Otherwise, if you gave him a fake license that was not signed by the DMV then he will not trust that you are who you say you are and now you have some explaining to do.
There is a more technical explainantion of certificate heirarchy below.
Basics of internet surfing:
1. When going to a site you will use a URL like 'https://www.paypal.com'.
2. DNS will find the IP address of the server hosting that site.
3. The browser will navigate to that site.
But how would you know if you didn't use a rogue DNS server? Or if you were just routed to another server? In my example above, it would be devistating to go to a site you think is your bank's website and enter all kinds of private and sensitive information. Right?
All browsers have different icons they use but normally you will see a picture of a lock like this.
1. Click on that lock and you will see a popup like this.
2. Click on 'View Certificates' and you will see the site's certificate.
The highlighted information is important.
'Issued by:' is the Company or Certificate Authority (CA) that your system already trusts.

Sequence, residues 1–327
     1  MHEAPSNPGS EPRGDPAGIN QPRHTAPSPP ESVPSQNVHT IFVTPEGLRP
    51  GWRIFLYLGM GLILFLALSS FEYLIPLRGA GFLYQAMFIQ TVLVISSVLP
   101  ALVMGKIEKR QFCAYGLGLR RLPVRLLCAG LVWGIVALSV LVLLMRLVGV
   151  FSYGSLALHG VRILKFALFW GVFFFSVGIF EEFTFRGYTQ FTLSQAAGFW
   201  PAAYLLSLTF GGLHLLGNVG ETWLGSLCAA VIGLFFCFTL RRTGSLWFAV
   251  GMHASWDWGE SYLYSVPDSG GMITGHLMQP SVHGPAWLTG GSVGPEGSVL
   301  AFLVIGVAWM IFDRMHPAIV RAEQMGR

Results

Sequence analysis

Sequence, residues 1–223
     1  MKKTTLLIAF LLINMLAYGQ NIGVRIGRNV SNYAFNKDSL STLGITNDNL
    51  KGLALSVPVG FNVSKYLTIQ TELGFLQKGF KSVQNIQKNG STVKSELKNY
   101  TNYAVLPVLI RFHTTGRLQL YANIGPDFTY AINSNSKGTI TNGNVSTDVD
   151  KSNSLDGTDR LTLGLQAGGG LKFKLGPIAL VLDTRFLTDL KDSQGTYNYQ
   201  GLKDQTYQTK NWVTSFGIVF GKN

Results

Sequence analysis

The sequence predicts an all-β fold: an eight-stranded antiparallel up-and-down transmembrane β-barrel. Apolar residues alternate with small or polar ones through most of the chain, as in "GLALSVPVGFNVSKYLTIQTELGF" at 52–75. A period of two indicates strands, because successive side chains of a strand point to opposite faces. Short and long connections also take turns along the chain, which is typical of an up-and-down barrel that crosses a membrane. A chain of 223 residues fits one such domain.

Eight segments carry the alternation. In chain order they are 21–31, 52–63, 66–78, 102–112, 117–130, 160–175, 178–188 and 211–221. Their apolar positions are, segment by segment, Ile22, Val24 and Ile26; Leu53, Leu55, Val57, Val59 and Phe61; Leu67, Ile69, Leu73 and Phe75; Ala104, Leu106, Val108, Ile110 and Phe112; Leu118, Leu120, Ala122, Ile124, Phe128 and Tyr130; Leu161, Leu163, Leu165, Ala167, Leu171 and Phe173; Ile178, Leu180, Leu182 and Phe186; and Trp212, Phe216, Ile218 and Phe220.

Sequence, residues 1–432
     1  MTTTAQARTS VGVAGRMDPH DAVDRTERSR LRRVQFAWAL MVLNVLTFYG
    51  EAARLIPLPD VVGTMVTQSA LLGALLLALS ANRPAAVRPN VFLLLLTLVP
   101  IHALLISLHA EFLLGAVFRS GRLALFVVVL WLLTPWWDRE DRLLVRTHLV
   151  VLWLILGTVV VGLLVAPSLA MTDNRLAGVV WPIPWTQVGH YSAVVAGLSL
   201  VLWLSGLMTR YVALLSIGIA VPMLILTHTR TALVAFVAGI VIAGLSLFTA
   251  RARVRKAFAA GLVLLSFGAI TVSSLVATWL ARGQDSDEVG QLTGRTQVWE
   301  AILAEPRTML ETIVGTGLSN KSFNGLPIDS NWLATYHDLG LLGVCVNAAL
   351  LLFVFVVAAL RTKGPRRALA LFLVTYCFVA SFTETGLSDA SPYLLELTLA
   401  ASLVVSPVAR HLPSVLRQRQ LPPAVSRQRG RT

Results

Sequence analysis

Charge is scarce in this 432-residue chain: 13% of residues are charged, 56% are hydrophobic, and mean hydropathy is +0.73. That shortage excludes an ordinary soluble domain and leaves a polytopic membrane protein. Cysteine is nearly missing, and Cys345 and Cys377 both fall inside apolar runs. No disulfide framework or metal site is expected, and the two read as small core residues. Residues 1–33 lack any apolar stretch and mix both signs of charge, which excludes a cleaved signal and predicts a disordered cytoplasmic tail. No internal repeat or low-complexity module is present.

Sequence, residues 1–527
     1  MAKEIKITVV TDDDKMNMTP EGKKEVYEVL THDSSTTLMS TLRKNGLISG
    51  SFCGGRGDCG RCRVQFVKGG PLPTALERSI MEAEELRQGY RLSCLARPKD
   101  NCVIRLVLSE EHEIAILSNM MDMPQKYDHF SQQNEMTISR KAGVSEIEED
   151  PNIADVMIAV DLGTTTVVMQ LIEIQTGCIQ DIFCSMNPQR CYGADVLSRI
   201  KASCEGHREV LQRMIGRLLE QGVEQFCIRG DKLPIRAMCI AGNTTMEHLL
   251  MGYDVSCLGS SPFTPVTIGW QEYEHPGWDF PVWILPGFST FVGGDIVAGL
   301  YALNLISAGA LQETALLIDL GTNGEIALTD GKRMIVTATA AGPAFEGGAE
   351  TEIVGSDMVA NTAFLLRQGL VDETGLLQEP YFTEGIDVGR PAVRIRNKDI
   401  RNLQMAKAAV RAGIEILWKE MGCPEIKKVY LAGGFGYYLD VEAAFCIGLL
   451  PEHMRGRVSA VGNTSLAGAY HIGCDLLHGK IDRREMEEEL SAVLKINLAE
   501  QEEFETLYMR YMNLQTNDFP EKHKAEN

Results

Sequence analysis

'Valid from/to' is the date range that this certificate is usable. (Sometimes you will see a certificate where you know you trust the CA, but you see the certificate is invalid. Always check the date so that you know if it has expired or not.) TIP: Best practice is to put a reminder in your calendar to renew the certificate before it expires. This will save you a lot of headaches.
Simply, PEM is ASCII; DER is binary. Here is what it looks like:
PEM format is normally how most CA companies like VeriSign and Thawt will send the certificates to customers since this format is email friendly. What the customer would need to do is copy the entire string - including '-----BEGIN CERTIFICATE-----' and '-----END CERTIFICATE-----' -, paste it into a text file, and save it with the extension .PEM or .CER.
Windows natively can read DER and CER formats with its own Certificate Management applet and will show the certificate like this:
In some cases a device will require a specific format (ASCII or Binary). The way you would change this would be to either download the certificate from the CA in the needed format or use a conversion tool like this - https://www.sslshopper.com/ssl-converter.html.
In order to trust a certificate from an end point there has to be a trust already made with a 3rd party - Certificate Authority (CA). For example, in the image below there is a heiarchy of three certificates.
Verisign - is a Certificate Authority (CA).
Verisign Class 3 Extended Validation SSL CA - is an intermediate or signing server certificate (a server authorized by CA to issue certifiates in its name)